Cost of Living – 2022

We explain and simplify the latest news about inflation, the economy and everyday costs, with tips to help you save money.

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The cost of living in Australia is rising – quickly – and it's expected to keep rising throughout 2022. Why is this happening now? The cost of virtually everything, from breakfast cereal and fruit to petrol and even rent, is going through the roof: we explain why, and how it impacts you.

What does 'cost of living' mean?

You've probably heard the term 'cost of living' a lot lately, but what does it actually mean? In a nutshell, it's a summary of how much it costs to live in a particular place (in our case, Australia).

At the moment, those costs are increasing. Your day-to-day necessities like fruit and vegetables at the supermarket; your medications from the chemist; the petrol you put in your car; even your energy and gas bills, and your home loan or rent; all of these everyday costs are increasing due to something called inflation.

The cost of living looks at the cost of essentials, not luxuries. It's used to measure how expensive it is to live in one place compared to another.

How is the cost of living measured?

The main way it's measured is with the Consumer Price Index (CPI).

The CPI measures the costs of 11 categories of necessary goods and services. The Australian Bureau of Statistics (ABS) looks at the prices for thousands of individual items and measures their price movements month-to-month.

From here it'll pull out a 'basket' of everyday goods and measure the cost of these items.

CPI is calculated by comparing the total cost of the basket last month to this month, and then it's expressed as a percentage.

  • When the cost of the overall basket goes up, the cost of living is rising and monthly CPI has officially increased eg. CPI is up 0.7%.
  • When the cost of the overall basket goes down, the cost of living is decreasing and monthly CPI has officially fallen eg. CPI is down 0.4%.

CPI Basket

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Inflation 101

The change in the cost of things over time is how we determine inflation or deflation.

While CPI is used to measure changes in prices, inflation measures the change in spending by households required to maintain a given standard of living.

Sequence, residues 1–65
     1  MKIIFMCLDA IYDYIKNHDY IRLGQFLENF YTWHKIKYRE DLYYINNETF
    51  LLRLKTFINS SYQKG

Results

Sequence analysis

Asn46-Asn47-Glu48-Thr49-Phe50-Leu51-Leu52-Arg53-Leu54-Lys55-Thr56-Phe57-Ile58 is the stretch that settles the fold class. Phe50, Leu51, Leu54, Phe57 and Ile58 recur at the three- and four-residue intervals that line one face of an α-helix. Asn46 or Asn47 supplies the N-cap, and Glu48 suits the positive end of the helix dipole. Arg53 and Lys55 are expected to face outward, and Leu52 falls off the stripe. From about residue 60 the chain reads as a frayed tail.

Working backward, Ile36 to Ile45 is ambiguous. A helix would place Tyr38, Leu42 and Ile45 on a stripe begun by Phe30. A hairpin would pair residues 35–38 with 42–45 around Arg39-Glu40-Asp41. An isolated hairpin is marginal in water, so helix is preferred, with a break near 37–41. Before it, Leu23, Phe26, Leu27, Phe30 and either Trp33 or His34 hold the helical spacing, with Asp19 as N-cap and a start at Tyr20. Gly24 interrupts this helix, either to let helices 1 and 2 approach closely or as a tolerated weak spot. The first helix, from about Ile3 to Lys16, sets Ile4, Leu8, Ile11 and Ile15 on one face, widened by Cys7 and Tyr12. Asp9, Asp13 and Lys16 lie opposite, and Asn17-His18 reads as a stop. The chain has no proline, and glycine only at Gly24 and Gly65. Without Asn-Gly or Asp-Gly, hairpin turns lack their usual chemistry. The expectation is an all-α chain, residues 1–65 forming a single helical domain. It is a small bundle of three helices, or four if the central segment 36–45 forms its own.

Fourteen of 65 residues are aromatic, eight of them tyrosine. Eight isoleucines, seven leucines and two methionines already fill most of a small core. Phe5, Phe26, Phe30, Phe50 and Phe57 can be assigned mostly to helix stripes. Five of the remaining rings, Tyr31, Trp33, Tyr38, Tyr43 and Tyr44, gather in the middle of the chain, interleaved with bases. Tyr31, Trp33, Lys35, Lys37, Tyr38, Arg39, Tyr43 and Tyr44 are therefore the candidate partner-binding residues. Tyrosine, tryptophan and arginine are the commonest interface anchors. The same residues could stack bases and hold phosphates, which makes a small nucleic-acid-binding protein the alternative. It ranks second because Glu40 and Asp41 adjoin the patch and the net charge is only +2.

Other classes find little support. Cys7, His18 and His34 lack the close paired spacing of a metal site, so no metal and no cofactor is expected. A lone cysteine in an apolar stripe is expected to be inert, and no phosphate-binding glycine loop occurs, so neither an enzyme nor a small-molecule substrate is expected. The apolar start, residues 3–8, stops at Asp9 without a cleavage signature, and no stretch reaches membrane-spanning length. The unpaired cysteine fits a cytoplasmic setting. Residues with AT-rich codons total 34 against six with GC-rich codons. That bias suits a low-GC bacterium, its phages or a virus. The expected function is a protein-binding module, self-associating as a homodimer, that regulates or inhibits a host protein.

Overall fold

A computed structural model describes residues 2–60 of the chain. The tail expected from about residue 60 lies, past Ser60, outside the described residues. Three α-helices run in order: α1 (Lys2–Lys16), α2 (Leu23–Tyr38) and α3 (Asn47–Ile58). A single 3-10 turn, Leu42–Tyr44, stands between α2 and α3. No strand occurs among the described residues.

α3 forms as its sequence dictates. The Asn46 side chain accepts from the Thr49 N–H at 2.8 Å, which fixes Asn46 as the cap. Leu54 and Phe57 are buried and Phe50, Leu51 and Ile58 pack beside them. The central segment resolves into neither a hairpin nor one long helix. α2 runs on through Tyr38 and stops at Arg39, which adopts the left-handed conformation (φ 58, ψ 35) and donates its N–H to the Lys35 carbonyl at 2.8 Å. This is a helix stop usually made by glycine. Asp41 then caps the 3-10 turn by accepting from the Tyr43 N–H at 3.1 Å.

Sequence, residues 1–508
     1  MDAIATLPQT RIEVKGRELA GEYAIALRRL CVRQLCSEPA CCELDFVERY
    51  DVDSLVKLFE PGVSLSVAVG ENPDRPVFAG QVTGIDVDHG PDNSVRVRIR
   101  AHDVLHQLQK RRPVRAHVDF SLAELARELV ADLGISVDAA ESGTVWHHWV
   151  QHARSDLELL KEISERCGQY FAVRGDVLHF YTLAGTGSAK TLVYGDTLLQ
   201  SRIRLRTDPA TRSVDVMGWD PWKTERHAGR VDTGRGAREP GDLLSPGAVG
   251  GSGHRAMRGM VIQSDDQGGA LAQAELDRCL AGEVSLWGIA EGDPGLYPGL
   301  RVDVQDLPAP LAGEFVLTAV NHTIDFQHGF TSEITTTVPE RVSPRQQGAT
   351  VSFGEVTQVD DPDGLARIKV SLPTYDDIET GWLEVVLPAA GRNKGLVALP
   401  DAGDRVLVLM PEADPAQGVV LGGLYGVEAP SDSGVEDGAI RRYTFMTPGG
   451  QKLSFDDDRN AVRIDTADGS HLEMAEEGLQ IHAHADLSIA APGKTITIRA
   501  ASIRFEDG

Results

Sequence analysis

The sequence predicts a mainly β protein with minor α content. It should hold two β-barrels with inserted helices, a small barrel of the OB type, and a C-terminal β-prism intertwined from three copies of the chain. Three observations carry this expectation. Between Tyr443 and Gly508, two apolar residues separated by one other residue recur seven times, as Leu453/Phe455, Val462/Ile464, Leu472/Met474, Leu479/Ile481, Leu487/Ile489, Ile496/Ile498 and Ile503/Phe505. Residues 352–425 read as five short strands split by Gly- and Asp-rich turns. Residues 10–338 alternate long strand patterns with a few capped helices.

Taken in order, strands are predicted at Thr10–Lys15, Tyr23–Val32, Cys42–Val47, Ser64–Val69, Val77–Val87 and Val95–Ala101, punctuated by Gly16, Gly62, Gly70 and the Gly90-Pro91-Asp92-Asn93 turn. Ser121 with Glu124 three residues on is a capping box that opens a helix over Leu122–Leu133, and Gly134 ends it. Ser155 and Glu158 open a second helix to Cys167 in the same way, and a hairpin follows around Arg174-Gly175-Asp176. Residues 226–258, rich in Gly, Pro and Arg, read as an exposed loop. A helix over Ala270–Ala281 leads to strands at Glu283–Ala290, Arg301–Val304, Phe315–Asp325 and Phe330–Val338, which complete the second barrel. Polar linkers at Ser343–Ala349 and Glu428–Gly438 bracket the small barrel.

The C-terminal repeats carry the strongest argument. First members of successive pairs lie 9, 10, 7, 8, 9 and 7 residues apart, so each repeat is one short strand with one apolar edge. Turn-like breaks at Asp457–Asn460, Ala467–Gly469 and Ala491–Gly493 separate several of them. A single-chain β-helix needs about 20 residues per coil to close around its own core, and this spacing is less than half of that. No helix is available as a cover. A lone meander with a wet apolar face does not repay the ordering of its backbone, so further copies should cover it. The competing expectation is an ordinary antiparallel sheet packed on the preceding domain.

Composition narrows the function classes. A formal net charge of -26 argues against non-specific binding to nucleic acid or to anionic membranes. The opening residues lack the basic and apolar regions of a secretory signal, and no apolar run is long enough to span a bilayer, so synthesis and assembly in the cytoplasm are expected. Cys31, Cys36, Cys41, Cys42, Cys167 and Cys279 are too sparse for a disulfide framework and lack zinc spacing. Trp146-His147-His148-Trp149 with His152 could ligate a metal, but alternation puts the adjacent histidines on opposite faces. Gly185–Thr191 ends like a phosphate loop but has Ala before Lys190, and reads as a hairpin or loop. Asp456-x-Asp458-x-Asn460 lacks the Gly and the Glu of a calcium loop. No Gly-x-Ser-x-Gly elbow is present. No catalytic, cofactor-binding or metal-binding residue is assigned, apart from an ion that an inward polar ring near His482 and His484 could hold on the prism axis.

The inflation rate for March 2022 was 5.1%, meaning the overall cost of living has risen by this much over the past year. For context, the RBA's ideal inflation rate sits at around the 2% mark, so this is much higher than the ideal. This rate of inflation was the highest recorded since 2009.

Why is inflation important?

Inflation measures our buying power – in other words, how much your money is actually worth.

If the cost of a basket of items has jumped 5.1%, but your income has stayed the same, your buying power has gone down as you can't buy as much with your money as you could last year.

With inflation rising at a fast pace, it means our money is essentially getting less valuable.

Unless your income goes up at at least the same rate, rising inflation will lead to financial pressure for many people who can't keep up with the increased costs of groceries, fuel and housing.

Inflation of 5.1% means, on average, you need $105.10 today to buy what $100 bought you 12 months ago.

How does inflation change?

Without getting too deep into economics, the primary tool the Reserve Bank of Australia (RBA) uses to control inflation is the cash rate.

When the cash rate is low (like it has been, since the pandemic first began in early 2020), it stimulates spending and household investment. This spending is what drives inflation up.

When the cash rate gets higher (which is happening now, with the RBA lifting rates in May), it generally translates to less household spending, which helps drive inflation down.

This is because when the RBA increases the cash rate, banks and lenders pay more for the funds they lend out, and charge more for a home loan. Overall, this makes borrowing money more expensive.

Why are people worried about inflation?

Periods of high inflation are a normal part of the economic cycle, and usually it's nothing to worry about. But high inflation can impact some people more significantly than others:

  • Lower income earners. People on low incomes or who are living paycheque to paycheque are the first to feel the impact of rising inflation. As the price of goods and services goes up, your money doesn't go as far, which can make it really hard to make ends meet.
  • Those on fixed incomes. People on fixed incomes, like retirees, are also affected more by rising inflation. When you're working, rising inflation puts pressure on wages to keep up. However, if you're not earning a wage, you don't benefit from this upward movement.
  • Mortgage holders. People who have a home loan are affected less by inflation itself, and more by the raising of the cash rate used to stifle it. When the cash rate increases, banks typically raise home loan rates, and if your rate is variable, it means your mortgage gets more expensive each month.

How you can protect yourself from the rising cost of living

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